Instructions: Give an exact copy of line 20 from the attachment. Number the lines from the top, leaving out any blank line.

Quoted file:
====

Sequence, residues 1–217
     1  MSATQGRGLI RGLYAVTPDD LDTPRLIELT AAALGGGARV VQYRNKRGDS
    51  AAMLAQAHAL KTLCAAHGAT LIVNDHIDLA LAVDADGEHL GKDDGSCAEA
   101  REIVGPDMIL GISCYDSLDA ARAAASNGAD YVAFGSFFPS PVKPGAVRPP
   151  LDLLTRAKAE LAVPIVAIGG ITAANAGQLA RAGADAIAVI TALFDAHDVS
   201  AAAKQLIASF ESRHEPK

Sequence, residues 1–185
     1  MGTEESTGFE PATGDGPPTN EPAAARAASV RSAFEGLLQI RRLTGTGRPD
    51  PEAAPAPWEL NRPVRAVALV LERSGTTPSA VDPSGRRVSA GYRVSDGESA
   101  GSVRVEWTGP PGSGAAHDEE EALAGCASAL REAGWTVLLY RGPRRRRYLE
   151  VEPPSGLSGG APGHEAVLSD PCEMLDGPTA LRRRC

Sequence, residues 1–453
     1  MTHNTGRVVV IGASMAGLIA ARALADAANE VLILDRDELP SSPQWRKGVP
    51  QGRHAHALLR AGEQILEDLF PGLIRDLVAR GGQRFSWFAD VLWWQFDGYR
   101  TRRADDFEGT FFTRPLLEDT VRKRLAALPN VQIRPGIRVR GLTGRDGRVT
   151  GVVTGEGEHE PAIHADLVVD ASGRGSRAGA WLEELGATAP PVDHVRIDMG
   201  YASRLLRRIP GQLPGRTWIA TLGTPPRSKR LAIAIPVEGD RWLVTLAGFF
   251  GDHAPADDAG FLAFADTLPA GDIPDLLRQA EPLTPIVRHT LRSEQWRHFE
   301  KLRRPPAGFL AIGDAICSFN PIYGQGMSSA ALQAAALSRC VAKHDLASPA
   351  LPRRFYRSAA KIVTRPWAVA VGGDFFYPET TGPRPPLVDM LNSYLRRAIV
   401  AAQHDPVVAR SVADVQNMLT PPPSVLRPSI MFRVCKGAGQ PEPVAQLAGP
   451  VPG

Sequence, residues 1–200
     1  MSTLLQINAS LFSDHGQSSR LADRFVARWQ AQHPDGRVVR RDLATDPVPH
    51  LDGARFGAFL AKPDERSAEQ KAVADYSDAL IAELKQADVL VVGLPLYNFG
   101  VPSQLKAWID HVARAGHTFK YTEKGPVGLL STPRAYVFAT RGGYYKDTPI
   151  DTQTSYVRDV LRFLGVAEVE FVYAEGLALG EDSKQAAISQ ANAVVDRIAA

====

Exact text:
   351  LPRRFYRSAA KIVTRPWAVA VGGDFFYPET TGPRPPLVDM LNSYLRRAIV